HCA Healthcare
December 06, 2022


Source: Nashville Business Journal
Author: Joel Stinnett
Date: December 6, 2022

Wayne Smith was new to Nashville, having recently been named CEO of Franklin-based Community Health Systems, when Dr. Tommy Frist Jr. invited him to lunch at HCA Healthcare headquarters.

“When I got there, he said, ‘Let’s go downstairs. We’ll go to the cafeteria,’” Smith said. “He introduced me to every person in the room. … Then he said to everybody, ‘I just want to say one other thing to you today. Wayne is here. He’s the new CEO of Community Health Systems and, by the way, he’s here to buy HCA.’”

Smith was not there to buy HCA, but the story was one of many shared Monday night highlighting Frist’s compassion, business acumen, mentorship, philanthropy, entrepreneurial spirit — and wit.

The tributes were part of the Nashville Business Journal’s 2022 Most Admired CEOs awards held at Conrad Nashville, where Frist was honored with the Legacy Award for his lifetime of achievements in business and philanthropy.

Frist co-founded HCA more than 50 years ago alongside his father, Dr. Thomas Frist Sr., and businessman Jack Massey. From a $5.25 million investment in 1968, HCA quickly grew, posting $29 million in revenue in its first year and going public on the New York Stock Exchange. Frist, a former Air Force flight surgeon, was CEO of the company twice and chairman of the board when HCA orchestrated a $33 billion leveraged buyout in 2006, the largest in history at the time.

Today, HCA (NYSE: HCA) is Middle Tennessee’s largest publicly traded company, according to Nashville Business Journal research, with nearly 11,000 local employees and $58.75 billion of revenue in 2021. The company operates 182 hospitals across 20 states and the United Kingdom, more than any for-profit hospital operator in the U.S.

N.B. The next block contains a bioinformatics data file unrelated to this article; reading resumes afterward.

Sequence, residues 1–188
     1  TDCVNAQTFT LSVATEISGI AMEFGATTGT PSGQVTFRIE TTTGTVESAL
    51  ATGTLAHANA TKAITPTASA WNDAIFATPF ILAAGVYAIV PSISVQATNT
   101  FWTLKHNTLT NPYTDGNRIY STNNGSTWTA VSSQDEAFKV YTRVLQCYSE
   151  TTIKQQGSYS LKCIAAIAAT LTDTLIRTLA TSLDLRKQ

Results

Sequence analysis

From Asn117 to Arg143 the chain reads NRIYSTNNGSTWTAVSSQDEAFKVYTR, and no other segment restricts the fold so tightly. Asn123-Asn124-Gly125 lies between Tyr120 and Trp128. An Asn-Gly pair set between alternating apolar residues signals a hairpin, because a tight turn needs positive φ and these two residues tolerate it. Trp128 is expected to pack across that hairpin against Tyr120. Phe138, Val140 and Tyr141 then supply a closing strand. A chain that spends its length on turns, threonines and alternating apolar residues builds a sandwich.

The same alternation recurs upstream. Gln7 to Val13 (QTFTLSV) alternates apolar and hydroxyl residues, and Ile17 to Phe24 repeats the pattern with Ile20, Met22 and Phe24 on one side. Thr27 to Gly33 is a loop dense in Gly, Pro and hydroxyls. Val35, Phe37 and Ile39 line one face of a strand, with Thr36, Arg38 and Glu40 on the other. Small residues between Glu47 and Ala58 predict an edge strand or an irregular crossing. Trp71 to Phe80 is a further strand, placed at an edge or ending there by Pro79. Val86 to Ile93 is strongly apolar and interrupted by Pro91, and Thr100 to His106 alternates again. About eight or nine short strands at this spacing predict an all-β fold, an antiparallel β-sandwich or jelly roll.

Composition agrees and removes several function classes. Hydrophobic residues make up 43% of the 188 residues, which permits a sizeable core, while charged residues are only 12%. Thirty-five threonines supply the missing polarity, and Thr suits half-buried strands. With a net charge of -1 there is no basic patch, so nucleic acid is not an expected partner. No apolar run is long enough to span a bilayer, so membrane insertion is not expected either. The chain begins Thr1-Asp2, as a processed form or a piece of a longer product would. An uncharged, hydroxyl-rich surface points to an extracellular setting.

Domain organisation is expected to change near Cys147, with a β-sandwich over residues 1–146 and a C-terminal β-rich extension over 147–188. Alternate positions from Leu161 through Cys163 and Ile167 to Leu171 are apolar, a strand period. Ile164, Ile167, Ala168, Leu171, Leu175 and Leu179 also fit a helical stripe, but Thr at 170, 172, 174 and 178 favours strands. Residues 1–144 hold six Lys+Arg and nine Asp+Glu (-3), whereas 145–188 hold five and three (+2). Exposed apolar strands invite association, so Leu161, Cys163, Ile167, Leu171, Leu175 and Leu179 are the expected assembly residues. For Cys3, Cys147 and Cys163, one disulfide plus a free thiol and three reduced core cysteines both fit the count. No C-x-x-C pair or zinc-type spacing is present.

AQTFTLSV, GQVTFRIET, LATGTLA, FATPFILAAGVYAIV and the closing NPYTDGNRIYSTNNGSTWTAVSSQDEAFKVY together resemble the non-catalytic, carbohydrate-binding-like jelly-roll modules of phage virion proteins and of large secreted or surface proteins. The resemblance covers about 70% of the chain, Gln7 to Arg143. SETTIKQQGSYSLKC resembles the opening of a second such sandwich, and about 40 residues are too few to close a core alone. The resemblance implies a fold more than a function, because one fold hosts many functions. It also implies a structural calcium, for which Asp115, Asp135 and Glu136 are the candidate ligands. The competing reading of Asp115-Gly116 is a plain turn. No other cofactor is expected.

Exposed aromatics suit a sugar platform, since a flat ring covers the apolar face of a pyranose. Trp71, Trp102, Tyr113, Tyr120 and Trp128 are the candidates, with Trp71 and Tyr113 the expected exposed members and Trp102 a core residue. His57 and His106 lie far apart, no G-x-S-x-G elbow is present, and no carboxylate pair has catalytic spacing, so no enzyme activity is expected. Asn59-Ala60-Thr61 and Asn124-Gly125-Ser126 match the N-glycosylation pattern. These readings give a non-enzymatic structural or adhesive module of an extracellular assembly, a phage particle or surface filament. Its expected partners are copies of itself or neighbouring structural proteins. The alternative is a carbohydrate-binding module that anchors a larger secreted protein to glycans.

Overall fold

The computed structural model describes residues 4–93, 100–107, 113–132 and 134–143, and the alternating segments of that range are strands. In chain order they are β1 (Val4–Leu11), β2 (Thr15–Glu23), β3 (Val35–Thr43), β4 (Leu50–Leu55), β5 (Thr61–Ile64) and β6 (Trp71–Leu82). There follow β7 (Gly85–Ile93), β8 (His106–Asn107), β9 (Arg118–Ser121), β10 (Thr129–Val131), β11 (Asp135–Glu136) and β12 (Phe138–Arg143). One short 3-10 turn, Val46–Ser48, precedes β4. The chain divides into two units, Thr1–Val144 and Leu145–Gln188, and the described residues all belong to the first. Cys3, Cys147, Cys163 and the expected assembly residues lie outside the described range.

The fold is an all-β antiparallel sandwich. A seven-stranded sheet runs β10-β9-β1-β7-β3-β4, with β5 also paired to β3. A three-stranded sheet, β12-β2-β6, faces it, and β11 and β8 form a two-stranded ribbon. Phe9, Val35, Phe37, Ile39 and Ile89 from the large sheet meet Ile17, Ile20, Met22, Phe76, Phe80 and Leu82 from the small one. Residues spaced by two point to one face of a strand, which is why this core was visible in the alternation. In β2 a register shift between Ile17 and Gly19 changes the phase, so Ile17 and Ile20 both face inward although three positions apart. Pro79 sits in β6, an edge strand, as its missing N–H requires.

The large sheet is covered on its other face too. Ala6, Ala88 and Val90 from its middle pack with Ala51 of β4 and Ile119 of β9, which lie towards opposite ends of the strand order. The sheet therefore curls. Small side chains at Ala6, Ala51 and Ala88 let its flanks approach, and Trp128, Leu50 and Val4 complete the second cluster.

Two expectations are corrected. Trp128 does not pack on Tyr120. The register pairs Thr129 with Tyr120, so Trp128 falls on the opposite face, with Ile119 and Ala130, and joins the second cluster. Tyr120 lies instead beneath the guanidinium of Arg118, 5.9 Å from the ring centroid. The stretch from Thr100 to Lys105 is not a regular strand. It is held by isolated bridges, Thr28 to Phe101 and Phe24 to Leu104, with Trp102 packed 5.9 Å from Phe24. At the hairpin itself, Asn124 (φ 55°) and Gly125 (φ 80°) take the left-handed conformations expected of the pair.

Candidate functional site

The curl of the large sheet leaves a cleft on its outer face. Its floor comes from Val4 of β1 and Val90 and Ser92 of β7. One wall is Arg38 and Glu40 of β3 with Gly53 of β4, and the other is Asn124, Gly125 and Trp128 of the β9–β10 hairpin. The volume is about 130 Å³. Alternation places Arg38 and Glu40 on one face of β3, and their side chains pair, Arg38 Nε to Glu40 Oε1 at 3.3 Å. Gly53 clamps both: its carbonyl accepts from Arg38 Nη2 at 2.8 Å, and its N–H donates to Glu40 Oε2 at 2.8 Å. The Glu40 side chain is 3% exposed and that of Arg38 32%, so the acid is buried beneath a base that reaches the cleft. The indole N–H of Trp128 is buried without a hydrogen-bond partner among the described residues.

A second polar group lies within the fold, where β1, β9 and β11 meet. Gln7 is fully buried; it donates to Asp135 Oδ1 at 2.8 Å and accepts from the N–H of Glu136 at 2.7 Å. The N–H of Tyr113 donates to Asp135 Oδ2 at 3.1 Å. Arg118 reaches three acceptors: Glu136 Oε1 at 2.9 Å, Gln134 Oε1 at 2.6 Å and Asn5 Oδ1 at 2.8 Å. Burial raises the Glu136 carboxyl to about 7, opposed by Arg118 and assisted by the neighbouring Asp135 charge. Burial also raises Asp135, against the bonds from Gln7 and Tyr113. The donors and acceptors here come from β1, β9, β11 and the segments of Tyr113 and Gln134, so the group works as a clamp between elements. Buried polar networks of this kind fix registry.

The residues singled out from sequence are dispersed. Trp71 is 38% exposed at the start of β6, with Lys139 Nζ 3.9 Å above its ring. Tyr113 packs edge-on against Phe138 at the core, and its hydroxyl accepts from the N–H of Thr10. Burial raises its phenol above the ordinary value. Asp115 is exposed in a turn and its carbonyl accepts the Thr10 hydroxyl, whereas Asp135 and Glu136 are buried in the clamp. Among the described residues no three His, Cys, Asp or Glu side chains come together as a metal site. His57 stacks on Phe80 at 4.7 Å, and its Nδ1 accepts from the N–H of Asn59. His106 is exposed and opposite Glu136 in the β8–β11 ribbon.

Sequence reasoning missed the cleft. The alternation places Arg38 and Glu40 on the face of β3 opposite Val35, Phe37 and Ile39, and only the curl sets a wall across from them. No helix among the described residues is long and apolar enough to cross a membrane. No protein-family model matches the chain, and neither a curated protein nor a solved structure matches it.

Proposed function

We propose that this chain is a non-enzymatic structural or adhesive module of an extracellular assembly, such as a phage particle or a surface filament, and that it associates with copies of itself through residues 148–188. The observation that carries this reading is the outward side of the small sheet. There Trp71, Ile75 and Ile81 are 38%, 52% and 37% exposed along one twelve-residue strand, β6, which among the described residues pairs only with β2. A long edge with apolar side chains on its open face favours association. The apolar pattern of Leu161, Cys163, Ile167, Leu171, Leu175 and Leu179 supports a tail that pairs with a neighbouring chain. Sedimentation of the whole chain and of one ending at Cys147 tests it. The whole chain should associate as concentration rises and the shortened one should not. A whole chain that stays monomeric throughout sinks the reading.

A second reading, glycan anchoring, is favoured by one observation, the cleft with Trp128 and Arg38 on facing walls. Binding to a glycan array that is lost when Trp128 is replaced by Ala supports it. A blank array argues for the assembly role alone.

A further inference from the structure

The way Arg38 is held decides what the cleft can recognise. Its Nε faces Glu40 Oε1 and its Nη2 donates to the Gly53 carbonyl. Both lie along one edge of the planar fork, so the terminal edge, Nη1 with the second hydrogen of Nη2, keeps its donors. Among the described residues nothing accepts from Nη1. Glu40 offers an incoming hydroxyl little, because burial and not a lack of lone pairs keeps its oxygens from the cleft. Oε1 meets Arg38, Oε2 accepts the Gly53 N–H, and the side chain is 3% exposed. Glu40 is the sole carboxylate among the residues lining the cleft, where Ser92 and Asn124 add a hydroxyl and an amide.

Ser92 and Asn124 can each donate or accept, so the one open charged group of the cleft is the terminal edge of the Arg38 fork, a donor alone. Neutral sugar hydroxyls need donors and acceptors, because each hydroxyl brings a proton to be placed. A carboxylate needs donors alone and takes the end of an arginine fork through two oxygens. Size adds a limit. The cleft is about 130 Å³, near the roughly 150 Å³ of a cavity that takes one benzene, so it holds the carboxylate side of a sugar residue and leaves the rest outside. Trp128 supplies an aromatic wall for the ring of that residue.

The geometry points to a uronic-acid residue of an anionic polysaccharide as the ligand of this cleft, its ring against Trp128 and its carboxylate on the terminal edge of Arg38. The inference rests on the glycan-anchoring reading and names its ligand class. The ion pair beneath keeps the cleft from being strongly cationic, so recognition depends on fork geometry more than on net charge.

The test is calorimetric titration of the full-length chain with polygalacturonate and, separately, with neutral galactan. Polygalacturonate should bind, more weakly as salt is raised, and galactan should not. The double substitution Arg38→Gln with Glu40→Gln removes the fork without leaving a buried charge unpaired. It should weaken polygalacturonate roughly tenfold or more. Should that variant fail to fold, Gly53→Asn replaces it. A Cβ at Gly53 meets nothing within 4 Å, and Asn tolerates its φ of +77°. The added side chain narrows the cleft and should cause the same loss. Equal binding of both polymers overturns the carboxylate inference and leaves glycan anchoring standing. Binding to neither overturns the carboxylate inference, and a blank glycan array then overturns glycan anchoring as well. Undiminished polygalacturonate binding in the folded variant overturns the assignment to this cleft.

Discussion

That success has made Frist one of the 100 richest people on earth — his net worth is $17.4 billion, according to Forbes — but fellow billionaire John Ingram said Frist’s wealth has not changed his values.

“Here is a guy that has accomplished so much in the business world … and yet he’s so normal, in terms of raising really good kids, being a dedicated spouse for 60 years to Trisha [Frist],” Ingram, who is chairman of Ingram Industries, said in a tribute video played during the event. “He is a guy who has kind of had the same group of friends since high school. That’s just incredibly admirable.”

Frist’s success has spread across Music City. The health care industry has a $67 billion annual impact on Nashville’s economy, according to the Nashville Health Care Council, with more than 500 area health care companies, employing more than 328,000 people.

One of those people was Heather Rohan, who retired as president of TriStar Health in 2021 after a 43-year career in health care. Ten years ago, prior to leading TriStar, Rohan moved to Nashville from Florida to become the CEO of TriStar Centennial Medical Center, HCA’s flagship hospital.

“I was a little nervous,” Rohan said in the video. “I got a handwritten note from you, Dr. Frist, and in that note you were welcoming me to Nashville and you said you believed in me and you had confidence in my abilities to do that job. That note, and I still have it, meant the world to me.”

Frist isn’t just the father of Nashville’s largest industry, his philanthropy has helped establish some of the city’s most beloved landmarks, including the Nashville Zoo, the Frist Art Museum, the Country Music Hall of Fame and the Adventure Science Center. He also founded the Nashville Health Care Council, United Way's Alexis de Tocqueville Society, the HCA Foundation and The Frist Foundation, one of Nashville’s largest charitable organizations.

“He made philanthropic giving and community partnerships core to the mission of HCA,” Frist Foundation CEO Corinne Bergeron said in the video. “What is more essential to Nashville and our identity than giving back to the community?”

In an acceptance video played upon receiving the Legacy Award, Frist — who was in attendance — thanked his fellow leaders at HCA for the company’s success.

“We founded HCA with the idea that a group of hospitals working closely with physicians and with access to capital could provide greater care to patients and communities than a single hospital on its own,” Frist said in the video. “We did that and it took more people than I am able mention to mention now. … You would be hard pressed to find a company that spans 55 years and has had only a handful of CEOs. I accept this Legacy Award with them, for we did it together.”

For more on Frist, his lifetime of achievements and the legacy he's left on health care and Nashville, check out Friday's cover story featuring an interview with the legendary entrepreneur.